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The Paris Directive: A Novel Hardcover – Deckle Edge

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Product Details

  • Hardcover: 336 pages
  • Publisher: Nan A. Talese; First Edition edition (June 19, 2012)
  • Language: English
  • ISBN-10: 0385535481
  • ISBN-13: 978-0385535489
  • Product Dimensions: 8.5 x 5.9 x 1.2 inches
  • Shipping Weight: 1.2 pounds (View shipping rates and policies)
  • Average Customer Review: 3.9 out of 5 stars  See all reviews (50 customer reviews)
  • Amazon Best Sellers Rank: #1,166,765 in Books (See Top 100 in Books)

Editorial Reviews


"Outstanding! The Paris Directive is a beguiling, atmospheric, and entirely entertaining novel that promises intrigue and suspense from the very first page. Inspector Mazarelle is a wonderful creation: a world weary, gimlet-eyed detective who must rouse himself for one last case. I expect to see him one day in the pantheon of greats alongside Poirot, Maigret, Brunetti and Zen." 
—Christopher Reich, New York Times bestselling author of Rules of Deception

"Jay’s entertaining first novel pays homage to George Simenon and his legendary detective, Inspector Maigret. . . . The main draw is the charming, indomitable Inspector Mazarelle, who enjoys puffing on his old pipe, stopping for cognac in the middle of the day, and dining on sausages and lentils or his favorite dish, duck confit, at the Café Valon. Mystery fans will look forward to seeing more of him in the promised sequel."
Publishers Weekly

"Gerald Jay has woven threads of police procedural, espionage, rural noir, ‘acts of barbarism,’ and Gallic charm into a story that will be a great fit for almost any crime fan."
Booklist, starred review

About the Author

GERALD JAY is a nom de plume. He lives in New York City and is at work on a second Mazarelle novel.

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Customer Reviews

Other characters are just as thinly characterized.
I really enjoyed this book: it was well written, had a rich and satisfying cast of characters and a great plot.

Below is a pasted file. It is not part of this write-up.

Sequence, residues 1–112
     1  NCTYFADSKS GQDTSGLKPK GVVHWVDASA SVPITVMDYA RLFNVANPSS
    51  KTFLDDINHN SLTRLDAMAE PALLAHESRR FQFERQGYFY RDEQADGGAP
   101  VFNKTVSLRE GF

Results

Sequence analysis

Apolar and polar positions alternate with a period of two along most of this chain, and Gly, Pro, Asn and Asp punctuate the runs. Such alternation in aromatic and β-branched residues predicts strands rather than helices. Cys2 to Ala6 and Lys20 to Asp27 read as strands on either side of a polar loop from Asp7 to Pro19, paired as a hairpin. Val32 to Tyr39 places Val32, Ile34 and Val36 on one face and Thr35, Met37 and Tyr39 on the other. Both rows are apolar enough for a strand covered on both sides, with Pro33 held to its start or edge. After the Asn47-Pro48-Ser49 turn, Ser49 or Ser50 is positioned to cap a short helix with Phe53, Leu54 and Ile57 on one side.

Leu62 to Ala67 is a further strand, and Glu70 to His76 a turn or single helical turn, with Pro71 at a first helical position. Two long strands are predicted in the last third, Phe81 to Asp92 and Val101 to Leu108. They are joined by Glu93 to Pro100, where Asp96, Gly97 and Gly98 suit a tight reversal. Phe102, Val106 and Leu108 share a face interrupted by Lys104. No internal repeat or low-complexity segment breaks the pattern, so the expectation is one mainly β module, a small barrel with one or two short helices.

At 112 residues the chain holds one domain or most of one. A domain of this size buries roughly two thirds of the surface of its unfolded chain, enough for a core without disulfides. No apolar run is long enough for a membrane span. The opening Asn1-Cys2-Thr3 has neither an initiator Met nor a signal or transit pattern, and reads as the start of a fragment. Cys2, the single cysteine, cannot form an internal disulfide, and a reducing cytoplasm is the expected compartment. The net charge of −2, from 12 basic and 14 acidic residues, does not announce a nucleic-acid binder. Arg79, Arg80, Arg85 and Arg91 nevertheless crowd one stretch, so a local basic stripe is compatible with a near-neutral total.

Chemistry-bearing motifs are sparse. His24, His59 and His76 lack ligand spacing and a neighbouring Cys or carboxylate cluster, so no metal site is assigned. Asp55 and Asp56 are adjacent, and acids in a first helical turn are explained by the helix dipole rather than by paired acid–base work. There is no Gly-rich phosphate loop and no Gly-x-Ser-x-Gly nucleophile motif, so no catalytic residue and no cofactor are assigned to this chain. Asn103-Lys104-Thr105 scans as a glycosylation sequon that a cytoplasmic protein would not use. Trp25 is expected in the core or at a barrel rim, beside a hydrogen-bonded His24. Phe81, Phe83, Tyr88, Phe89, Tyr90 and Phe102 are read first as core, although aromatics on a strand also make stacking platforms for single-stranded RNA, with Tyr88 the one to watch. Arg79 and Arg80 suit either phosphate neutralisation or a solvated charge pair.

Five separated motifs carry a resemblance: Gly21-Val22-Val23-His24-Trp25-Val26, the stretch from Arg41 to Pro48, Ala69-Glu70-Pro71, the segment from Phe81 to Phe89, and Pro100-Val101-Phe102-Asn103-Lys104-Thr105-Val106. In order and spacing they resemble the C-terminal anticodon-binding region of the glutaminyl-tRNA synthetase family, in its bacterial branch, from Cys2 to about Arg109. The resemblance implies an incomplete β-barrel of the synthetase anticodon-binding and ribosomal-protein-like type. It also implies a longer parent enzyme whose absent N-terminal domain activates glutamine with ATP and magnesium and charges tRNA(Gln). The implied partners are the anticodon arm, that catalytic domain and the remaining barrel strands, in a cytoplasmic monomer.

I recommend this book and look forward to more adventures of the colorful French inspector from Taziac.
W. Easley

Most Helpful Customer Reviews

11 of 14 people found the following review helpful By Maine Colonial TOP 500 REVIEWERVINE VOICE on June 14, 2012
Format: Hardcover Vine Customer Review of Free Product ( What's this? )
Like most long-time mystery readers, I feel an eager anticipation when I start the first book in a new series, wondering if it will be an introduction to a protagonist who will become like an old friend, revisited each year. In the case of The Paris Directive, just the listing of the first few chapters provided a frisson of excitement:

1. Berlin
2. Élysée Palace, Paris
3. Hotel Adlon, Berlin
4. L'Ermitage, Taziac
5. Frankfurt
6. Dordogne River, Bergerac
7. Café Valon, Taziac

Ah, looks like international intrigue. Sure enough, we begin by meeting Klaus Reiner, hired killer, whose cold efficiency, bland good looks and fluency in German, French and English have put him at the peak of his deadly profession, with the ability to choose the most lucrative contracts.

Reiner's newest assignment takes him to the fictional village of Taziac, in France's Dordogne. The beautiful village in summer, with its cafés and restaurants, makes no impression on the all-business Reiner. He just wants to get the job done and move on, with the satisfaction of seeing an impressively large new deposit to his numbered account in Switzerland. But the hit goes wrong and Reiner has to take out four middle-aged tourists, instead of just the one assigned to him.

This is where our protagonist enters the scene. Paul Mazarelle, a former Paris police detective now living in Taziac, jumps on the case like a dog on a bone. Mazarelle had moved to Taziac, his young wife's home village, when she became ill, and he is now a widower who doesn't know whether to make Taziac his permanent home or return to Paris. Mazarelle is a comfortably large, middle-aged man with a luxuriant mustache, who enjoys his pipe, good wine and food, and women.